EuropeOn the GoSwitzerland

So Swiss: Crossing Creux du Van

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The Creux du Van is a natural rocky cirque of approximately 1,400 metres of width and 150 metres of depth on the north side of Le Soliat. It is located in the Val de Travers district, in the Swiss canton of Neuchâtel. A very well known, amphitheatre-shaped natural attraction of the area, it is located at the heart of a nature reservation area of 15.5 km².

It’s over a year ago when I started to join in group camping and hiking hence enjoying the natural beauties of Switzerland. One of my earliest stints would be the visit to Creux du Van in Neuchâtel. We liked the excursion so much that a few weeks after our first we went up again, taking a different route nonetheless. In our second trip, I tagged a few more friends with me.

We stopped by this auberge to prepare ourselves for the hike; a visit to the toilet and chugging extra liquid to keep us up.

If I remember it right, at our first trip, the hiking started at the les petites Fauconnières side.

Before we started, we wanted to make sure we’re heading to the right direction, wishing also we can take this map with us eh?
Off we went then.
You can find lots of posts like this in Switzerland. Hiking is the most encouraged outdoor activity in this country, and who can say no? Here you enjoy the nature at its finest.
Here’s the pretty, Le Creux du Van.
This must be Le sentier du Single that leads to the summit directly from the area called La ferme Robert.
This Jura mountain overlooking Neuchatel where Creux du Van is situated is called Le Soliat.
Ibex were introduced in the area in 1965. As of 2009, there are 17 and they can easily be watched.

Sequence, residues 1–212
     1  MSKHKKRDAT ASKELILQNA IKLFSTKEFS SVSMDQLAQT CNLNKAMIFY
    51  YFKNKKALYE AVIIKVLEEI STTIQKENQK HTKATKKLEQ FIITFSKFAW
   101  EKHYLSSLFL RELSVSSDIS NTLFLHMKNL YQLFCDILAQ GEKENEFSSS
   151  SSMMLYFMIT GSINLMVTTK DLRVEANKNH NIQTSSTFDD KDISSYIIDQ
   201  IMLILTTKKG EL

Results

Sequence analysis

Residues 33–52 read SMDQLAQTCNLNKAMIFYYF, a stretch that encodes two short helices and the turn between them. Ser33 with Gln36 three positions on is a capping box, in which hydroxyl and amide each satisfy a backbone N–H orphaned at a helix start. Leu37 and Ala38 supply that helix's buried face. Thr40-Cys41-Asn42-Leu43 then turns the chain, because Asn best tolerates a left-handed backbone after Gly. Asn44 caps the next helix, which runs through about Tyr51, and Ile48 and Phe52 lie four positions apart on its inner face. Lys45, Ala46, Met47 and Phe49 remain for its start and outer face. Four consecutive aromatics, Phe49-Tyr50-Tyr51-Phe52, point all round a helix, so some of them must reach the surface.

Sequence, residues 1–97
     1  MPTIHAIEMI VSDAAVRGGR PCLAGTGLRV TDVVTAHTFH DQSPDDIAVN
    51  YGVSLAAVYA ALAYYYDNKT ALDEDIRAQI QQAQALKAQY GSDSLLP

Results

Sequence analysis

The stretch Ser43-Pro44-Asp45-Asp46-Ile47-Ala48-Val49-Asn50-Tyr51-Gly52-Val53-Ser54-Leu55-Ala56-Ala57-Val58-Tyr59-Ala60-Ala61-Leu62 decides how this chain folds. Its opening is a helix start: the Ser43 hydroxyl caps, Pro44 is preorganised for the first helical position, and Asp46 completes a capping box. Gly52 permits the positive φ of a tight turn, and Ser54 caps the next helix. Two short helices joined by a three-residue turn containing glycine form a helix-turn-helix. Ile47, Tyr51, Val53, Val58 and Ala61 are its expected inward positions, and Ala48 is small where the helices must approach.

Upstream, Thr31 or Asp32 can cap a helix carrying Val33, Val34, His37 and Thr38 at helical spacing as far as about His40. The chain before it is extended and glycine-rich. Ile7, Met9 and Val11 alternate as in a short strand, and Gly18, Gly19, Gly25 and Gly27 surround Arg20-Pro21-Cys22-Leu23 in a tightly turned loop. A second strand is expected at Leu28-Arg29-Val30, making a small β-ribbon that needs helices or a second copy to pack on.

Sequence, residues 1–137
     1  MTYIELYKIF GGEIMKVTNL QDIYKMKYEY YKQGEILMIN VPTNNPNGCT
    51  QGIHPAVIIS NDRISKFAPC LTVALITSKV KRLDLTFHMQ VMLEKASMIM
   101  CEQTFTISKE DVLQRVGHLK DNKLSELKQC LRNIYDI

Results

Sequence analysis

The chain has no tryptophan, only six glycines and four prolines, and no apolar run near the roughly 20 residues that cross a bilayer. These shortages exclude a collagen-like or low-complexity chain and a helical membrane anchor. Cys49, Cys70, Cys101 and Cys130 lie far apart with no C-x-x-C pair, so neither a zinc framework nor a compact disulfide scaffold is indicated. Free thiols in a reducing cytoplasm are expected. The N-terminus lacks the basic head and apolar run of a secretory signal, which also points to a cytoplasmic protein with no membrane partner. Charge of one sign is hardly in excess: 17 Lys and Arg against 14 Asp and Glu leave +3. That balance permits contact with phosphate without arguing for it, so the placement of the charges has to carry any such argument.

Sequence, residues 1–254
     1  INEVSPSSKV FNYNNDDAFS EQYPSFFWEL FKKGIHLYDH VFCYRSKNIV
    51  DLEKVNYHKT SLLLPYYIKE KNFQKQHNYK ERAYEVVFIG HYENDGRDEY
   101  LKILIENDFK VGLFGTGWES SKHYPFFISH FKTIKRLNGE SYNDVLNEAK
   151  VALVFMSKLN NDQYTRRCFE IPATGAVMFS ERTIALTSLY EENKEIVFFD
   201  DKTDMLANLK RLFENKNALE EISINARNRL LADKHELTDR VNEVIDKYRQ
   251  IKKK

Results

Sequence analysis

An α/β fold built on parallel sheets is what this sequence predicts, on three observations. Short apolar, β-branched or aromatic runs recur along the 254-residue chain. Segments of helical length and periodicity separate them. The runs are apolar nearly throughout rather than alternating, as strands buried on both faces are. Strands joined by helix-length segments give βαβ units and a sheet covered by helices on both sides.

The Alpine ibex (Capra ibex), also known as the steinbock, is a species of wild goat that lives in the mountains of the European Alps. It is a sexuality dimorphic species with larger males who carry larger, curved horns. The coat colour is typically brownish grey. Ibex tend to live in steep, rough terrain above the snow line. They are also social, although adult males and females segregate for most of the year, coming together only to mate.

Passing along the side we came across this epitaph post that tells about a man who fell off at this side of the cliff. The man is Jean Pilloud and he is a sapper soldier. Another summit with a cross planted on the ground provides the well-earned views of Berner Oberland.

At the end of the trail, which I presume part of the itinerary (le sentier des quatorze contours) that starts in Noiraigue, we came across a traditional Swiss restaurant and it is also called, Le Soliat.

At La ferme Robert you’ll find herds of cows during summer.  Also, the Val de Travers is in fact the birthplace of absinthe.

We didn’t eat at Le Soliat when we were there the first time, so at our second trip, we decided to have our lunch in this restaurant and taste their cheese fondue.  I quickly featured Le Soliat at my post about cheese fondue and raclette, you can read it here.

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